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Measles (Measles morbillivirus)

Posted by Grace Youn on Feb 12, 2019 10:01:16 AM

Blog Graphic_Measles

What is it?

Measles is caused by "the measles virus, a single-stranded, negative-sense, enveloped RNA virusof the genus Morbillivirus within the family Paramyxoviridae." Humans are the natural host of the virus, with no known animal reservoirs.

The Measles virus infects the respiratory system and is considered highly infectious . It is spread through sneezing and coughing via close contact or "direct contact with secretions." Children under 5 years old and adults older than 20 years of age are especially vulnerable to complications.

Who is most at risk?

  • Un-vaccinated children and adults: Children and adults with compromised immune systems are most at risk.
  • International travelers: Measles is a common childhood infection in developing countries, especially in parts of Africa and Asia still. Always consult with your doctor for any required or recommended travel vaccines in advance.
  • Having a vitamin A deficiency: This deficiency can cause more severe symptoms and complications.

What are the symptoms?

The infection occurs over a period of two to three weeks in the following sequence.

  1. Infection and Incubation: 10-14 days; no symptoms.
  2. Nonspecific Signs and Symptoms: 2-3 days; mild to moderate fever, often with a persistent cough, runny nose, inflamed eyes, and sore throat.
  3. Acute Illness and Rash: Over the next few days; the face breaks out in a rash first. Small red spots and bumps in tight clusters cover the skin down the arms and trunk, then over the thighs, lower legs and feet. At the same time, fever rises sharply, often as high as 104 to 105.8 F (40 to 41 C). The rash gradually fades, first from the face and last from the thighs and feet.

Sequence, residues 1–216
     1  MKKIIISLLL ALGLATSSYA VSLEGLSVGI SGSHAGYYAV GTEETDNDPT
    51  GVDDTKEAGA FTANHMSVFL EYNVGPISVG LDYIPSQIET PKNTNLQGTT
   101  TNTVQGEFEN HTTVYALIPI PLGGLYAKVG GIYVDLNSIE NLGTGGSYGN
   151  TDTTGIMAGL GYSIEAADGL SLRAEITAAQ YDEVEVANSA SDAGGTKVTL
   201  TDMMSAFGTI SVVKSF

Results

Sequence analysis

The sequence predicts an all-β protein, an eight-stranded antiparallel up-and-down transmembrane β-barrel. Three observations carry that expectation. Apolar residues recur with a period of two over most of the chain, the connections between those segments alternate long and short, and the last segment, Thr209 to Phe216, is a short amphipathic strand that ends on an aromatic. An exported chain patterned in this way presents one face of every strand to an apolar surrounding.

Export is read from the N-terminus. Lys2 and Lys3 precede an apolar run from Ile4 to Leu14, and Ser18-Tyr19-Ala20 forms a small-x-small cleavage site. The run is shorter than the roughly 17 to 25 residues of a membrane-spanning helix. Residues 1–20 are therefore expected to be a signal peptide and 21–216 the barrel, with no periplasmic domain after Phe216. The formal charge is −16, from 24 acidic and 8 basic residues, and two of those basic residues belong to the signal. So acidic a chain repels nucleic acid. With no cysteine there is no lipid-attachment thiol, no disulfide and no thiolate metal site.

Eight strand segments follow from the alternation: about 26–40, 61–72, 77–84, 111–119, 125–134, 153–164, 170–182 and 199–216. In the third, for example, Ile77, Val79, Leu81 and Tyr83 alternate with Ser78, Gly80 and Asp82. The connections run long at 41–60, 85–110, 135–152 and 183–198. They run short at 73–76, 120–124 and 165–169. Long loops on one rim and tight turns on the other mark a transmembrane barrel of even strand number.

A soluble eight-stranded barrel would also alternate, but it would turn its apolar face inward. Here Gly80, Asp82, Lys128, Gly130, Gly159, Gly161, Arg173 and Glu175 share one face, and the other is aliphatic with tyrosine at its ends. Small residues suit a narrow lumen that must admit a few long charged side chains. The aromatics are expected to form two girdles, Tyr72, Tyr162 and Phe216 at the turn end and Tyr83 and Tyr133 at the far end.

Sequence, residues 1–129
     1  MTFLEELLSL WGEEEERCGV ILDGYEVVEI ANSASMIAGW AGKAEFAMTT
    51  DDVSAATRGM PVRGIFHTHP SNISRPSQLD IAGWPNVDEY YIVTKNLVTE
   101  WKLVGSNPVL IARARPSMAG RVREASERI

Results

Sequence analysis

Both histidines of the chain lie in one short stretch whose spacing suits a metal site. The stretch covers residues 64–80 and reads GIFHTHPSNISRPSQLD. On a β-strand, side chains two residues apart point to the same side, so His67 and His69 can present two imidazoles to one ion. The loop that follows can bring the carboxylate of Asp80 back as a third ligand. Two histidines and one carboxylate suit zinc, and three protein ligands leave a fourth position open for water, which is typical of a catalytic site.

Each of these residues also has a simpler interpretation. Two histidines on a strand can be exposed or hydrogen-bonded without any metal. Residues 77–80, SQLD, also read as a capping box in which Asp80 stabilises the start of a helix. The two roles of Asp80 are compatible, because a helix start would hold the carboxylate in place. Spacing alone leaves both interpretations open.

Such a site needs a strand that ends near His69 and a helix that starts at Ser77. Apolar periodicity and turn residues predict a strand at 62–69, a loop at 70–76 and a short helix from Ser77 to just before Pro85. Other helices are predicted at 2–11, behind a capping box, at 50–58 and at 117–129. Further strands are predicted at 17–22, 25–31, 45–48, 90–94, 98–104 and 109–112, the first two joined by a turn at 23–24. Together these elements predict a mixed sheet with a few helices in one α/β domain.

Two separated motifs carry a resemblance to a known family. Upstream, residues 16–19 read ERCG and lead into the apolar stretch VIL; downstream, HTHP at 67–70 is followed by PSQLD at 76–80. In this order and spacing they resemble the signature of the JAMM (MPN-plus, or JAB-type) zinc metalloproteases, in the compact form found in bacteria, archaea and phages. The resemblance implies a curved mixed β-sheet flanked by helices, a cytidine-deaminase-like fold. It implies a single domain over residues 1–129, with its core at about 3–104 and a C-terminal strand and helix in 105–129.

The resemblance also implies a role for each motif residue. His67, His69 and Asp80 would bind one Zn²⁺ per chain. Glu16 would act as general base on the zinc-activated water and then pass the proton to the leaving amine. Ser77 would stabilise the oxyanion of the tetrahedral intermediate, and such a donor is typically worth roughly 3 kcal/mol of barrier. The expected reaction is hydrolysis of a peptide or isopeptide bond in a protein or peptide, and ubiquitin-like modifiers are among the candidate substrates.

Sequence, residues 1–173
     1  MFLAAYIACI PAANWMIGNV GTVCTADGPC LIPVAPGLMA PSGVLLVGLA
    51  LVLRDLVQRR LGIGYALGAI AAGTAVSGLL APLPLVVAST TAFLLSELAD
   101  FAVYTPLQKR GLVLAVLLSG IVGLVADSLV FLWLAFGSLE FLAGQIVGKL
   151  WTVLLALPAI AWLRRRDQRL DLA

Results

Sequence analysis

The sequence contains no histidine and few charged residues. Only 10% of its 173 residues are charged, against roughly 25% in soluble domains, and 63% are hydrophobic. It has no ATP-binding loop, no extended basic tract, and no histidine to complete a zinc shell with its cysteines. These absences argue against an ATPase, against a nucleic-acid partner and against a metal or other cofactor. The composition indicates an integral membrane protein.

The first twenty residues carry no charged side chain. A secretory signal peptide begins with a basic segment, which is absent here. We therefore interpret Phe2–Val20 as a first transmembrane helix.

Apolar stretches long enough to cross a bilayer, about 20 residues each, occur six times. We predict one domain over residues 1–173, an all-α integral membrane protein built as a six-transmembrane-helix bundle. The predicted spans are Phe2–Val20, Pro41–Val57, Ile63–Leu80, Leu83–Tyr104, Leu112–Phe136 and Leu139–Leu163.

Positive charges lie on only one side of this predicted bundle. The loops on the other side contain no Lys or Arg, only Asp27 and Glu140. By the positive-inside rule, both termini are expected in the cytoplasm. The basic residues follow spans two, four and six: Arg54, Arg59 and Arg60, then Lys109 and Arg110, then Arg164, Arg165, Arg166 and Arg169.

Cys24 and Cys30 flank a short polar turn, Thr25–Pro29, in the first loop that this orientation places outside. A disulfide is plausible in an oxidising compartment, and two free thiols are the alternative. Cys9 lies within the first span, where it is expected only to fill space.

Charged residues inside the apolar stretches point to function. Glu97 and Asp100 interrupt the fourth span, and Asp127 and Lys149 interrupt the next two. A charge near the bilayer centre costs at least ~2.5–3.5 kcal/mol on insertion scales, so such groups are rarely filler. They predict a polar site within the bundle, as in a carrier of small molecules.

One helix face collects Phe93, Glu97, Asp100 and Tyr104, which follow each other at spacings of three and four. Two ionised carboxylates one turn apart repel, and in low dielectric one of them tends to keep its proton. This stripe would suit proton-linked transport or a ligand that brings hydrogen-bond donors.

4. Communicable Period: 4 days before and after rash appears is when a person is most infectious.

Are there complications?

  • Pneumonia: About 1 in 20 children infected get pneumonia, which is the most common cause of death from measles in young children.
  • Ear infection: Experienced by about 1 in 10 children and can result in permanent hearing loss.
  • Encephalitis: About 1 in 1,000 people with measles develops a complication called encephalitis (inflammation of the brain) that could occur right after measles infection or months later. Encephalitis can lead to convulsions and can leave the child deaf or with intellectual disability.
  • Pregnancy problems: Can cause preterm labor, low birth weight, and even maternal death.
  • Bronchitis, laryngitis or croup: Can cause inflammation of your voice box (larynx) or inflammation of the inner walls that line the main air passageways of your lungs (bronchial tubes).

What is herd immunity?

Did you know measles has virtually been eliminated in the United States? Even though not everyone has been vaccinated, we have all benefited from herd immunity.

Herd immunity (or community immunity) is a form of indirect protection that happens when a higher proportion of vaccinated individuals are immune to a disease and effectively limit the spread of contagious diseases to more vulnerable, non-immunized populations.

Unfortunately, herd immunity is weakening due to the drop in vaccination rates. The rate of measles in the U.S. recently jumped from an average of 60 cases a year to 205 cases annually.

How can you prevent infection?

There are only two ways to prevent measles infection and spreading.

  1. Isolation: Especially during the communicable period, people with measles should strictly limit interactions with people and may have to separate themselves from non-immunized people within their house.
  2. Vaccination: Anyone born after 1957 and infants older than 6 months old should be vaccinated. Always consult with your doctor on vaccination schedules for your child, especially before international travel.

 

Sources

Measles Morbillivirus (Wikipedia)

Measles Symptoms and Causes (Mayo Clinic)

Measles Complications (CDC)

Herd Immunity (vaccines.gov)

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